Understanding Balinese names can be confusing at first, as they differ from Western conventions by not using any surnames. If your trip takes you to Bali and you aspire to show respect for the local population and their culture, it’s a good idea to dive into understanding their unique naming system. They follow a particular methodology in assigning names. Although each individual has three names, in the manner of Westerners, the similarities end there.

The influence of birth order on names

The importance of birth order is crucial. Every Balinese has an exclusive name identifying his or her birth order among siblings. Indeed, they use “Sanskrit” numbers to mark their place in the siblings, from first to last. An interesting phenomenon occurs in the fifth child, where there is a continuous repetition of birth ordinals, from oldest to youngest.

  • First child: Wayan, Putu or Gede
  • Second child: Made, Kadek or Nengah
  • Third child: Nyoman, Komang
  • Fourth child: Ketut

The fifth child, the beginning of a new loop

Things get complex when large Balinese families have to repeatedly assign names to their children.
If we take the example of a family with 8 children, the last will be named “Ketut Balik”, meaning “yet another fourth in the line”, and so on. It is not uncommon to find several Wayans, Ketuts, Nyomans, Komangs, etc., in the same family and living under the same roof.

The influence of the caste system on Balinese names

Understanding Balinese names also means understanding Bali’s social caste system. This approach represents a significant departure from Western norms. Bali’s caste system, the Catur Warna, classifies the Sudra, or 95% of the population, as the people’s caste. This includes ordinary citizens, peasants and servants. The remaining 5% are divided into three castes. Vaishya, located just above Sudra, comprises mainly merchants and landowners. The Khsatriya, above the Vaishya, are mainly warriors and kings. The highest castes, Bhramin, Ksatria and Waisya, have evolved; Bhramin, once Hindu priests, now includes academics, intellectuals, economists, aristocrats and lawyers. The gender distinction in Bhramin uses “Ida Bagus” for men and “Ida Ayu” for women. Caste names generally precede ordinal names, establishing a hierarchy with titles preceding names.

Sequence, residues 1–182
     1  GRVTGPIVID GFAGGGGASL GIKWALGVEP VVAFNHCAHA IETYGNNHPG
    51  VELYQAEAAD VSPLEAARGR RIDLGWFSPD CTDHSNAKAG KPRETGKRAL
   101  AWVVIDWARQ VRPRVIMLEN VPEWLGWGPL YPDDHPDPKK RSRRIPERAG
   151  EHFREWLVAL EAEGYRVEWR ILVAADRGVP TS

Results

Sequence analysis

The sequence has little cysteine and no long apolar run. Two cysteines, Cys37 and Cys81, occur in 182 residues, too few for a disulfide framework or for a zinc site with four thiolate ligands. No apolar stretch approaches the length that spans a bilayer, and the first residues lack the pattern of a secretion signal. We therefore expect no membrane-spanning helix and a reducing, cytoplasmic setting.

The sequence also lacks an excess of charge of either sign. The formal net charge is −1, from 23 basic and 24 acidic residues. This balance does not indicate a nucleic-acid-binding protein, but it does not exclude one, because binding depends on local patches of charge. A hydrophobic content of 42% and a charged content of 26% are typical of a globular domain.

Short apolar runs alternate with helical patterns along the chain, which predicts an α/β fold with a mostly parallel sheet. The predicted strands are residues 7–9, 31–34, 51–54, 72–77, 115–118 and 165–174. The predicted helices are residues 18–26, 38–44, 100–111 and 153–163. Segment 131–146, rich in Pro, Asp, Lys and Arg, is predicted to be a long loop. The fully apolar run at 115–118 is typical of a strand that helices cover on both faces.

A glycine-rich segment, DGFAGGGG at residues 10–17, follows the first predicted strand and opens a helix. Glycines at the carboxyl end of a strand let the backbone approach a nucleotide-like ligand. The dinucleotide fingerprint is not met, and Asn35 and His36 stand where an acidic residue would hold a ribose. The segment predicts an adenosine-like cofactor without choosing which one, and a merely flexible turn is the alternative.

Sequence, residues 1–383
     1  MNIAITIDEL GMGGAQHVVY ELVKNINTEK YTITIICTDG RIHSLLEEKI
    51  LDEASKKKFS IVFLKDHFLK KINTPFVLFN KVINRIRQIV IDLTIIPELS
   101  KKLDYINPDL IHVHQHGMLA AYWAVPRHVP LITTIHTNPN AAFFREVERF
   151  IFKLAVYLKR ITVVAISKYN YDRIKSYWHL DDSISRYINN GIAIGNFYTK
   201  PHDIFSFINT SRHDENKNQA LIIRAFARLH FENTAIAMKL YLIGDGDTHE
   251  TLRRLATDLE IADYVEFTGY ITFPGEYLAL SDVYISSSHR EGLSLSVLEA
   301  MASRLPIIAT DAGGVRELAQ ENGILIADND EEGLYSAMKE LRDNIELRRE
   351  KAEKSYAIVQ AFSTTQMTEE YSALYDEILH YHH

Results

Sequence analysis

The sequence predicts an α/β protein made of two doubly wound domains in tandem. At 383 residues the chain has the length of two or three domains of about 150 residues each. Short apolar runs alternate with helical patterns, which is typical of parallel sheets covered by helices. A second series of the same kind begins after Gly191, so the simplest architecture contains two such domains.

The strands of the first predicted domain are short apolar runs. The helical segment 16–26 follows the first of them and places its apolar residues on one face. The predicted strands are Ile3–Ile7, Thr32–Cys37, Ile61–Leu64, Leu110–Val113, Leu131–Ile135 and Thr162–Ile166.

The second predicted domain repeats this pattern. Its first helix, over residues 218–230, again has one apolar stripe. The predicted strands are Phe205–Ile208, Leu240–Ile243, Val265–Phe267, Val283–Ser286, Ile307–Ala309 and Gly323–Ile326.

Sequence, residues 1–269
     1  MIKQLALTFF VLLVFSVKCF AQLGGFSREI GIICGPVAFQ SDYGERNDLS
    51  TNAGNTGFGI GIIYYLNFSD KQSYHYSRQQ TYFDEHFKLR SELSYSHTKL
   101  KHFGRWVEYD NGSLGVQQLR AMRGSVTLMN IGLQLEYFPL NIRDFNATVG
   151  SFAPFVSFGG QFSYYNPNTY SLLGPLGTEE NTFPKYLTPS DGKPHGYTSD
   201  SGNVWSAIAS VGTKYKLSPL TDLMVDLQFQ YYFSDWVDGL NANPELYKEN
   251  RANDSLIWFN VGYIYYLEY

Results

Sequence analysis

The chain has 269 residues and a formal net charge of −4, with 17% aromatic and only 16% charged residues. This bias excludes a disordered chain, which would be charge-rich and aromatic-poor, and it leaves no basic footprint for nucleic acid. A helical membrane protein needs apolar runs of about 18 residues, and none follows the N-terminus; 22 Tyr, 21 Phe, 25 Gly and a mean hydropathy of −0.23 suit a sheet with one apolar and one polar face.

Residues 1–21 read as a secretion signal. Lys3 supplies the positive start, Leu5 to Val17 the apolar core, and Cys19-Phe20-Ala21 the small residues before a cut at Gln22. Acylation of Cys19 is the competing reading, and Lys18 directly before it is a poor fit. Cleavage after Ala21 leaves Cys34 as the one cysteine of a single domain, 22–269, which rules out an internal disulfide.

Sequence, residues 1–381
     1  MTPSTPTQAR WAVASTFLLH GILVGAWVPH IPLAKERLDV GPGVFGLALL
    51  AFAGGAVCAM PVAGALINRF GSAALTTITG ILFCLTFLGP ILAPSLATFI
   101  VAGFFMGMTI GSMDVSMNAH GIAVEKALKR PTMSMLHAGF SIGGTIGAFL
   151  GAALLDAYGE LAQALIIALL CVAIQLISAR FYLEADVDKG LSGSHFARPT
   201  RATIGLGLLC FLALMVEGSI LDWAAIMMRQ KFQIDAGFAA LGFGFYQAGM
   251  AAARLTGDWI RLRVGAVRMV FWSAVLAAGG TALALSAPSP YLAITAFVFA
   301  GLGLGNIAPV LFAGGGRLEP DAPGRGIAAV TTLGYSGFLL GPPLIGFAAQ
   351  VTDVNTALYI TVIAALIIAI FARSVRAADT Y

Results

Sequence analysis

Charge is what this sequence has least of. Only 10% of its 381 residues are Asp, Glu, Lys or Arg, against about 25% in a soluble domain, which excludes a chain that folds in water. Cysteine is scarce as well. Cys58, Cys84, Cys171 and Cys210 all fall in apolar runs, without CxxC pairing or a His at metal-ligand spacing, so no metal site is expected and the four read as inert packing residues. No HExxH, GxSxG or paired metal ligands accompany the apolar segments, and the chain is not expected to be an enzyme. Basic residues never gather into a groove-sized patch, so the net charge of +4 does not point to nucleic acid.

Personal names

Personal names conclude Balinese naming, equivalent to first names in English. Many generations prefer to use only their personal names for greater clarity. These personal names, always imbued with beauty or natural features, offer an opportunity for deeper connection if you get close to a Balinese during your stay. However, don’t ask directly about the meaning of their personal nickname on first meeting, as this could be considered direct and impolite.

Gender distinction

The distinction between boys and girls names is a rule in Bali. A separate set of names is reserved for girls, making it easier to identify their gender. Although this distinction becomes obvious in adolescence, it is difficult to differentiate small children in terms of gender. This is why prefixes such as “Ni” for girl’ or “I” for boys are added.

If you would like to learn more about the balinese culture and its people, the best way is to spend a few days with a Balinese guide. Contact us by filling in this form, so that we can prepare the trip of your dreams.

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